The Bible’s account of King David dispels any rumor that he was a mob boss who covered his tracks by eliminating his own hit-men; it reassures us that his side-kick Joab was in no way ordered to wipe out all David’s rivals, including his son Absalom. The Bible cannot be accused of political cover-ups and agendas.

Principal Characters
Saul, King of Israel
David, Protégé of Saul
Abner, Saul’s cousin and general
Ishbaal, Saul’s son
Absalom, David’s son
Joab, David’s nephew and general
The Story of David and the Philistines’ Foreskins
King Saul became jealous of his protégé David, and devised a plot to get rid of him. “My daughter Michal loves him”, he thought, “so I will offer her hand in marriage in exchange for a hundred Philistines’ foreskins; and when he attacks the Philistines they’ll kill him!”

So Saul’s servants told David, “The king really likes you, and wants you as his son-in-law.” David said “Really? But I’ve no money for a dowry!” And the servants told him that the king wanted no dowry, just a hundred Philistine foreskins.

At this, David was delighted. He went off with his army and killed not one hundred but two hundred Philistines; then he returned and counted out the foreskins, one by one, before the king. And that was how he won the hand of the princess Michal in marriage.

— 1 Samuel 18:6

The Embarrassment of King Saul
Because Saul suspected David of planning to become king in his place, he tried to kill him with a javelin. At this, David ran away to the wilderness of Judah where he assembled a gang of outlaws. However, Saul heard where he was hiding and set off with three thousand men to find him.

When Saul came to the sheepfolds he went into a cave to relieve himself. David and his men were hiding in the cave, and David’s men said to him, “The Lord has put your enemy right into your hands.” Then David stealthily crept up behind Saul and cut the skirt off his robe, and when Saul stood up and walked out of the cave David called after him “I could have killed you just now, but I didn’t!”

Saul burst into tears and replied, “You are a good man. I know you will be king. Just promise you won’t kill my descendants.” And David promised him.

Continued on page 21…

— 1 Samuel 24

David Gives Protection
A certain rich man called Nabal wasn’t very nice, but his wife Abigail was clever and beautiful. David sent ten young men to Nabal, saying “We’re David’s men. Peace and prosperity, God bless you, and what will you give us? Because when we came upon your shepherds in the wilderness we didn’t hurt them.”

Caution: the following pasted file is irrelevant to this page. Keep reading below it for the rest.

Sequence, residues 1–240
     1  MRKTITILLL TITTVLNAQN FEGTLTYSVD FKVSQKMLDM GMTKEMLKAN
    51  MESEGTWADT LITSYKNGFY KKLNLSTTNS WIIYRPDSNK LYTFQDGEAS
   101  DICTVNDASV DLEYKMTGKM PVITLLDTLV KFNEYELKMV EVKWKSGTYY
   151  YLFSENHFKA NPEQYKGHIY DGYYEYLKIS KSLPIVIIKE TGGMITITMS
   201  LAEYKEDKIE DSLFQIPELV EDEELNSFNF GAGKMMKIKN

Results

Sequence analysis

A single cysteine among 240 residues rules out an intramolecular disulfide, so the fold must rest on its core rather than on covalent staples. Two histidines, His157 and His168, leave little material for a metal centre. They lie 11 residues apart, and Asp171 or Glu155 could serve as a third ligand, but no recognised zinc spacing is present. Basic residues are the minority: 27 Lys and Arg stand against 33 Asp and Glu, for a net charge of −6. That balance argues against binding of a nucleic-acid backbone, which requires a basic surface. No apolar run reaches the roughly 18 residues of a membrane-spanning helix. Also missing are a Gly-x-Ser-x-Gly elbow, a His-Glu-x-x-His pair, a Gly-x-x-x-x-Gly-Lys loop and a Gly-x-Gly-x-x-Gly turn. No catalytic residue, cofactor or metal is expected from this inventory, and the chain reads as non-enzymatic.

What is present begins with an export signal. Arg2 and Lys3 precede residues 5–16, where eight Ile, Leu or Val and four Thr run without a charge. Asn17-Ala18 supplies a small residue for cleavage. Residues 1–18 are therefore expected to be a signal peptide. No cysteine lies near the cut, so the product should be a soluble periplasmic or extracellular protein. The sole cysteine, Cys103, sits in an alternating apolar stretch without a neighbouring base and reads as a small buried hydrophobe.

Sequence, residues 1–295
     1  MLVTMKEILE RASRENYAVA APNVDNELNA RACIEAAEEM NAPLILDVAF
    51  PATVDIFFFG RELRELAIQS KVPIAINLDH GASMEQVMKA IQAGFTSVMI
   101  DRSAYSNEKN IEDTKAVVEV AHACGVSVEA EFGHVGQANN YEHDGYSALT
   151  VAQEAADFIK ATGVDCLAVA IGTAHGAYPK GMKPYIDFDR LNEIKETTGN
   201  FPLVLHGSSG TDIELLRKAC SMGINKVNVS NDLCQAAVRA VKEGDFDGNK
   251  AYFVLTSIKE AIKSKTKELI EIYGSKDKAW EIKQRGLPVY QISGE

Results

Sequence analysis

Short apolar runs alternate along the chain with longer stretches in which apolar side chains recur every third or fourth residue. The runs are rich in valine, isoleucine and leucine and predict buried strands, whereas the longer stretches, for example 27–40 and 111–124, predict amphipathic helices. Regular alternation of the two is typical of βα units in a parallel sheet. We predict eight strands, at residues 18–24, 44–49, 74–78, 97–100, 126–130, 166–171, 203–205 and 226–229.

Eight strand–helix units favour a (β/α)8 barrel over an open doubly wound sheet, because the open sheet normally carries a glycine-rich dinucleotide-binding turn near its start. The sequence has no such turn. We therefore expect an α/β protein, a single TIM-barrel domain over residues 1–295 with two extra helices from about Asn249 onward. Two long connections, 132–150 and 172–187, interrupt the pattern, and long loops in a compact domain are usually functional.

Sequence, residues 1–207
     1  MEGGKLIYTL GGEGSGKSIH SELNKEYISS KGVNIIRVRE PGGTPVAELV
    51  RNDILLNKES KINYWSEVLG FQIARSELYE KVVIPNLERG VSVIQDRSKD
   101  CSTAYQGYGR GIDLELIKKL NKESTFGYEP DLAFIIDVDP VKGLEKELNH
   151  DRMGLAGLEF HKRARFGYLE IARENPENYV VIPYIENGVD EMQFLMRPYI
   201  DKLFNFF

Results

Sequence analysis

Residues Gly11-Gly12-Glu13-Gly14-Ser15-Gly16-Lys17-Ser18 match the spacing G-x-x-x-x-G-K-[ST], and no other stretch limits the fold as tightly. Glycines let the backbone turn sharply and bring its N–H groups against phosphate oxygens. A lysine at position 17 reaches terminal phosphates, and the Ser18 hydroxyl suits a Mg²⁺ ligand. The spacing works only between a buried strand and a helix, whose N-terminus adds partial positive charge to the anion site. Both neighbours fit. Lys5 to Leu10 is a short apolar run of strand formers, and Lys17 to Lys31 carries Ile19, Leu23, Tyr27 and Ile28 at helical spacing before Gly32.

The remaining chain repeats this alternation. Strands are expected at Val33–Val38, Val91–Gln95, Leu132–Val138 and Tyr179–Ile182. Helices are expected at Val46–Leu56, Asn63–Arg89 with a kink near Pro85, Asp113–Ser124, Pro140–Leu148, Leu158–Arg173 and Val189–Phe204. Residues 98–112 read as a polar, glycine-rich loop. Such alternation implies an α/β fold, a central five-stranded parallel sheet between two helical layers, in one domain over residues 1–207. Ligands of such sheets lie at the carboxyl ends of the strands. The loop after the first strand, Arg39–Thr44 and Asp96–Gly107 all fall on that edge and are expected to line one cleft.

But Nabal said “Who‘s David? I can’t feed every stranger who turns up!” So David set off with four hundred of his men to attack Nabal. Now one of Nabal’s shepherds warned Abigail, and she hurriedly rode down the hill with food and wine to greet David.

David said “I protected your husband’s sheep and got no thanks. I’ll kill all those who piss against the wall before morning.” Abigail got off the donkey and knelt before him, saying; “O lord, you’re such a good and holy man that you will definitely be king. Murder would be bad for your reputation, so let God deal with my husband; and when you are ruler over Israel, don’t forget me.”

And David replied, “God bless you; without your advice there would have been none left of those who piss against the wall. I will spare your people, but take you for my own.”

That night Nabal held a feast; he was merry, for he was very drunk, so Abigail didn’t tell him what David had said until the next day. Then he had a heart attack, and died. And when David heard that Nabal was dead, he said “Blessed be the Lord for killing Nabal, so I didn’t have to; it serves him right.” And he sent for Abigail to make her his wife.

— 1 Samuel 25

David Disapproves of Mercy Killing
A youth with torn clothes and earth in his hair came and knelt before David, and said, “I’ve come from the battle between the Philistines and the house of Saul.” David said, “What happened?” and he answered, “Many are dead, including Saul and his son Jonathan.”